• There You Go Again Saint George, UT
    Jan. 11, 2013 1:26 p.m.

    Keep the current system.

    As long as republicons are continually elected/re-elected, why change?

  • Ernest T. Bass Bountiful, UT
    Jan. 11, 2013 11:19 a.m.

    It absolutely does not. The Seagull Forum and their cronies essentially nominate the people who make the ballot. It ensure only the right wing extremists are elected when the majority of Utahns are a lot more moderate.

  • PeanutGallery Salt Lake City, UT
    Jan. 11, 2013 10:32 a.m.

    Re: DN Subscriber 2: Great comment. Well stated.

    The headline and the editorial contradict each other. I agree with the on-line headline ("Utah's unique system of nominating works well"), but disagree with the editorial itself. Our nominating/delegate system works fine, and should be left alone.

  • Ultra Bob Cottonwood Heights, UT
    Jan. 11, 2013 9:29 a.m.

    The real truth is that the nominating process works well only for the special interests who control our government. Over the years the politicians and their controllers have prevented the ordinary mass of people to elect government representatives. They have done this by only allowing a chosen few to be candidates and by putting up roadblocks prevent people from choosing candidates.

    When a business is seeking an employee, they do not limit the candidates to a select few according to whether or not the candidate has a particular political philosophy, they generally go by ability, education, experience and suitability. Nor do they allow outside groups to choose who may be candidates, except for certain guilds, associations, unions, etc.

    Any constitutionally qualified citizen should be able to post a resume for the government job of representing the people. And the requirement that he/she be rich should be removed. Campaigns should be abolished in favor of a written and published resume for each candidate.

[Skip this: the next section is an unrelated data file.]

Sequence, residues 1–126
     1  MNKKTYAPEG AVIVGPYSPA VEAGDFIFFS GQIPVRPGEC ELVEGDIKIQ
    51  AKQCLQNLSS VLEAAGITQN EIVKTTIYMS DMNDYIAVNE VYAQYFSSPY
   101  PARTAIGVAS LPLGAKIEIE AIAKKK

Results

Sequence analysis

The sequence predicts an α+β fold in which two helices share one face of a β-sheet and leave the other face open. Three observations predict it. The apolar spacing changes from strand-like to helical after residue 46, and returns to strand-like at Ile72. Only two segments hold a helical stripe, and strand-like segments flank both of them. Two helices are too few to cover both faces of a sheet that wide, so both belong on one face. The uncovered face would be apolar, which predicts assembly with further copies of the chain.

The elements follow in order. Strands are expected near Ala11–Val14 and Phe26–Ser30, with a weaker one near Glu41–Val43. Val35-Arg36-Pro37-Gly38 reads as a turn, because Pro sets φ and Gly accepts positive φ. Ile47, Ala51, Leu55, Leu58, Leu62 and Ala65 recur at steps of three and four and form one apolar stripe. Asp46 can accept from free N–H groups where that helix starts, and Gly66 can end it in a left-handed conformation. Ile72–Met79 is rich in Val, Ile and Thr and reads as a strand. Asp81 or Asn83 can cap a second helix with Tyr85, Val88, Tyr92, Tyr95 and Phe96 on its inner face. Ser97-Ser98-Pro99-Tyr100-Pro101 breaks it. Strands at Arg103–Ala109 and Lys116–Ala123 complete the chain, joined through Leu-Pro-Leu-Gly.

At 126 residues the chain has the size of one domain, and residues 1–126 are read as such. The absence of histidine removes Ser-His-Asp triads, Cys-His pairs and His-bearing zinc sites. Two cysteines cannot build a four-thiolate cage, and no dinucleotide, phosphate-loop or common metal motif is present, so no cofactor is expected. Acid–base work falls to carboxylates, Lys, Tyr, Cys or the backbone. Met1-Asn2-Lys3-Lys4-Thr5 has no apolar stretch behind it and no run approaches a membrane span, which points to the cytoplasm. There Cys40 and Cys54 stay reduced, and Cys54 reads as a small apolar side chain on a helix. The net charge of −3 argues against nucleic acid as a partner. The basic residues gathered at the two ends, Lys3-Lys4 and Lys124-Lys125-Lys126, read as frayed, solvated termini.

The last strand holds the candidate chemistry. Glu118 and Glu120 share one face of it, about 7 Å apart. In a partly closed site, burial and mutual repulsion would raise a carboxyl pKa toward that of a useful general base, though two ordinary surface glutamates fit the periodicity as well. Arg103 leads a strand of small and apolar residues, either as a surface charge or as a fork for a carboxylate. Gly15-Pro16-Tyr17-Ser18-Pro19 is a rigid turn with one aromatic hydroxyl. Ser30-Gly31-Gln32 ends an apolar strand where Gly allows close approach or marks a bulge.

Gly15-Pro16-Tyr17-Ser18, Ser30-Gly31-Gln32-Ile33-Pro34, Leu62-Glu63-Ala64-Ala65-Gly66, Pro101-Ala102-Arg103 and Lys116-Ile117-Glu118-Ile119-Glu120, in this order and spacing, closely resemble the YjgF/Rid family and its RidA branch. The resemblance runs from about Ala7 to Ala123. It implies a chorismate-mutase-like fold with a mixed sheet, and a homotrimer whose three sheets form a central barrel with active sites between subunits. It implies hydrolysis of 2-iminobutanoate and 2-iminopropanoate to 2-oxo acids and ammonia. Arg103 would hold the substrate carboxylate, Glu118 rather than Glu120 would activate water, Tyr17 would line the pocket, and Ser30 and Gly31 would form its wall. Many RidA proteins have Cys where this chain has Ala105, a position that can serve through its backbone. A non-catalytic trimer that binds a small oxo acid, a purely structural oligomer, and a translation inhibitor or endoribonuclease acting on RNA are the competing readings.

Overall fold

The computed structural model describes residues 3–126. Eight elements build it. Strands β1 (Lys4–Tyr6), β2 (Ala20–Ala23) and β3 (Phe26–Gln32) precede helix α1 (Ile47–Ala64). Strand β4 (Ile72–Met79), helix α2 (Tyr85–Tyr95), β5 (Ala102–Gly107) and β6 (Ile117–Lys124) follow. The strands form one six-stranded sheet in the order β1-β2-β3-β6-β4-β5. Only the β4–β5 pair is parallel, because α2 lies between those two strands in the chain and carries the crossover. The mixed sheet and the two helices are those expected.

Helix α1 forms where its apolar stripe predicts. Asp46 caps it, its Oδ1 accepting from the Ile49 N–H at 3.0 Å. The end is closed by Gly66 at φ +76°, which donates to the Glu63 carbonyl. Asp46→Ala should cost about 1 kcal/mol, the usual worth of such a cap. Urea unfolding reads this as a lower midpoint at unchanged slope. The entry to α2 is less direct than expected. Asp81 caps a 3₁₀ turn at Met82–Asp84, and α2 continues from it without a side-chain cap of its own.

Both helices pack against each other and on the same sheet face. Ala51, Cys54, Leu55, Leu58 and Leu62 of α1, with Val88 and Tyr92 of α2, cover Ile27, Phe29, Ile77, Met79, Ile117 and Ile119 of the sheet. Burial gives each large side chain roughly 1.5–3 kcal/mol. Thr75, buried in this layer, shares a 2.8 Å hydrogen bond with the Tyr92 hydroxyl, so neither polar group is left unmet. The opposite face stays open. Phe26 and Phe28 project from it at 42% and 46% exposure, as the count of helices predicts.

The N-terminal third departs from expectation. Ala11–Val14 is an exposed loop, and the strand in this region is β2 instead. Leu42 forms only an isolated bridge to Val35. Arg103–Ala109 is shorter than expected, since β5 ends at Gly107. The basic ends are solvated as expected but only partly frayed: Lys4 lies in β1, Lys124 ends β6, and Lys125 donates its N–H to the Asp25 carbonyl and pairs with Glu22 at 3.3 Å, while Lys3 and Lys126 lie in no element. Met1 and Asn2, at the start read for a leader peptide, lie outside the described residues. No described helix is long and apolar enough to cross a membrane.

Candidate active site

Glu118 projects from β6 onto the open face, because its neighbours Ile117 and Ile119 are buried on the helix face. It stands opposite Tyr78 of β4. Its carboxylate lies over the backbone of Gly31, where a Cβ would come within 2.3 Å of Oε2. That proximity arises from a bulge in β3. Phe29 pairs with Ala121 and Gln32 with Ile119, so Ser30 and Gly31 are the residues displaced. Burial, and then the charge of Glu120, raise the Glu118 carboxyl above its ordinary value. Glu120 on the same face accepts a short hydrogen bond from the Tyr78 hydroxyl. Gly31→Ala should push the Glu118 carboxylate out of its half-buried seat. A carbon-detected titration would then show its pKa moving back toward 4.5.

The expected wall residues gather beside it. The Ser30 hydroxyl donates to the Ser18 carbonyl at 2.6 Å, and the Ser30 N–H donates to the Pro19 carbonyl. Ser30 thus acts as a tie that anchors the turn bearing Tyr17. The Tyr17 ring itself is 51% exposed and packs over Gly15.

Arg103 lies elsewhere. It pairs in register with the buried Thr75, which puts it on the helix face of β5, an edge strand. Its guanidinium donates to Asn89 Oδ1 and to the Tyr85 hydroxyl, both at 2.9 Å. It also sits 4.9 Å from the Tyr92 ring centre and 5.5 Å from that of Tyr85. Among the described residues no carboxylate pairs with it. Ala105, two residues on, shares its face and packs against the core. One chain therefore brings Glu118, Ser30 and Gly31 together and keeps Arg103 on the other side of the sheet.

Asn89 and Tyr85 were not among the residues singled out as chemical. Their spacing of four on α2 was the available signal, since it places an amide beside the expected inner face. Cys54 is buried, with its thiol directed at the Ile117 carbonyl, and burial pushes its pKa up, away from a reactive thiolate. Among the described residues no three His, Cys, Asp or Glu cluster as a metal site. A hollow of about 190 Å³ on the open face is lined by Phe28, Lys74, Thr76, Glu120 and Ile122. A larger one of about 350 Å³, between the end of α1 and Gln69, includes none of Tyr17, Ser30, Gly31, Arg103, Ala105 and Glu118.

• DN Subscriber 2 SLC, UT
    Jan. 11, 2013 8:38 a.m.

    Keep the present system. It does indeed work well.

    Opponents fall into several grumpy groups:

    1- Media organizations who profit handsomely from running political advertising which would increase with more primaries.

    2- Hack career politicians with lots of name recognition and lots of campaign cash who would be able to lure "low information voters"

    3- Party insiders who like to make "deals in smoke filled rooms" to keep their pals in office.

    4- Members of the opposition party which can work mischief by getting their supporters to vote for the opposition's candidate that THEY prefer.

    Utah's delegate and convention system is a very fine method in which people who pay attention to politics and candidates careful scrutinize candidates, often with repeated personal contacts, not a couple of 30 second ads and a newspaper endorsement.

  • Twin Lights Louisville, KY
    Jan. 11, 2013 5:47 a.m.

    Who writes the headlines?

    The headline on the Opinion Page reads: "Nominating candidates: Utah's unique system of nominating works well."

    But the editorial is the exact opposite of this.

    I have noted several headline problems over the past few months.

    Someone needs to pay more attention.